China on Saturday successfully launched the Gaofen-6 Earth observation satellite and the Luojia-1 CubeSat from Jiuquan, marking the country's 16th successful space launch of 2018.
The Long March 2D launch vehicle lifted off from the Jiuquan Satellite Launch Centre in the Gobi Desert at 12:13 local time (04:13), with only hints that an orbital launch was being readied.
The China Aerospace Science and Technology Corporation (CASC), the main space program contractor, confirmed success of the launch less than half an hour after liftoff.
Gaofen-6 is the latest of a series of China High-resolution Earth Observation System (CHEOS) satellites, consisting of multi-spectrum imaging and synthetic aperture radar satellites.
With a mass of 1,064 kg and with a designed life of eight years, Gaofen-6 is similar to the Gaofen-1 satellite launched in 2013, but with upgraded capabilities.
Equipped with 2 meter resolution panchromatic camera, an 8 m multi-spectral imager and a 16m multi-spectral wide-angle color camera, Gaofen-6 can observe chlorophyll and other nutritional content of crops, and help to estimate yields of crops such as corn, rice, soybeans, cotton and peanuts, Tong Xudong, chief engineer of the Gaofen series satellites, told state media.
The satellite was developed by the China Academy of Space Technology (CAST), a subordinate to CASC, and is based on the CAST2000 satellite bus.
Last month China launched the Gaofen-5 hyperspectral satellite, which followed a trio of smaller Gaofen-1 imaging satellites orbited in late March.
A scientific experiment 6U CubeSat developed by Wuhan University and named Luojia-1 was also aboard the Long March 2D launch, carrying a nighttime remote sensing camera developed by Changguang Satellite Technology Co. Ltd., which develops the commercial Jilin series of remote sensing satellites.
Saturday's launch was the 276th mission for the Long March rocket families, with an overall success rate of 94,9 percent.
The next launch will be of the Fengyun-2H weather satellite, which is to take place on June 5 from Xichang at around 13:10 UTC (21:10 Beijing time, 09:10 EDT), according to airspace closure notices consistent with the launch profile.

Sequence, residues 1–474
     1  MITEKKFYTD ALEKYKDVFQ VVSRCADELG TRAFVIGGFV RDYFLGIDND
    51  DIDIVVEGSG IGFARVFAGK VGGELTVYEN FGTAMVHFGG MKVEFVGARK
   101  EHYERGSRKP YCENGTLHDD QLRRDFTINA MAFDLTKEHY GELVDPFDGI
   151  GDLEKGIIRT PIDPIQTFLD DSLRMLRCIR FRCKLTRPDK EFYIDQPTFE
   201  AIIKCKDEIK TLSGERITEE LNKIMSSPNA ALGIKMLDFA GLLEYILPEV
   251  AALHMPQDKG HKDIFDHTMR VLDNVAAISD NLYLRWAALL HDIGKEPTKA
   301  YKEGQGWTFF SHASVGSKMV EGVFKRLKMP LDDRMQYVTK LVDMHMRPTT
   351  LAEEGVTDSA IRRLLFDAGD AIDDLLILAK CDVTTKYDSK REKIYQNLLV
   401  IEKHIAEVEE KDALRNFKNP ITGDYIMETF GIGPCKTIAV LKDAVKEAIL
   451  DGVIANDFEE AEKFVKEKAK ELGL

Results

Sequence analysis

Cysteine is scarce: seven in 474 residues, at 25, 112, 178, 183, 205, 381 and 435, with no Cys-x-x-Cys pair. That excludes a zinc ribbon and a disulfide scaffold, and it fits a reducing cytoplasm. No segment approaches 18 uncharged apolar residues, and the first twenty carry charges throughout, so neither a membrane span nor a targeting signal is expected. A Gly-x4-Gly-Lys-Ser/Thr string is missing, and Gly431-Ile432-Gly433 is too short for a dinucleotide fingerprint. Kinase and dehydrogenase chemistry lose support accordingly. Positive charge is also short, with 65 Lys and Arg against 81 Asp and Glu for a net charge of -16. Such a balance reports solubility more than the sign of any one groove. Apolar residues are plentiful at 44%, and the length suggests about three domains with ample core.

The previous mission, on May 20, was the launch of the Queqiao Chang'e-4 relay satellite and two lunar pathfinder microsatellites; a precursor to an unprecedented attempt at soft-landing on the far side of the Moon in late 2018.
Queqiao is currently establishing a halo orbit around the second Earth-Moon Lagrange point from which it will facilitate communications for the mission.
2018 matches 2017 in June
China is aiming to launch around 40 times in 2018, including government, international and commercial missions, which would be nearly double the national record of 22 launches set in 2016.
With 16 launches this year so far, China is already close to surpassing the total 18 launches (16 successes, 1 partial failure, 1 failure) carried out in 2017, and has just as many successful launches.
June could further possibly see the launch of two Beidou GNSS navigation satellites, also from Xichang, as well as a pair of remote sensing satellites for Pakistan, lifting off from Taiyuan, North China.
Major missions for 2018 will be the return-to-flight of the Long March 5heavy-lift rocket from Wenchang, as well as the Chang'e-4 lunar landing and roving mission to the far side of the Moon.
Story by Andrew Jones of GBTimes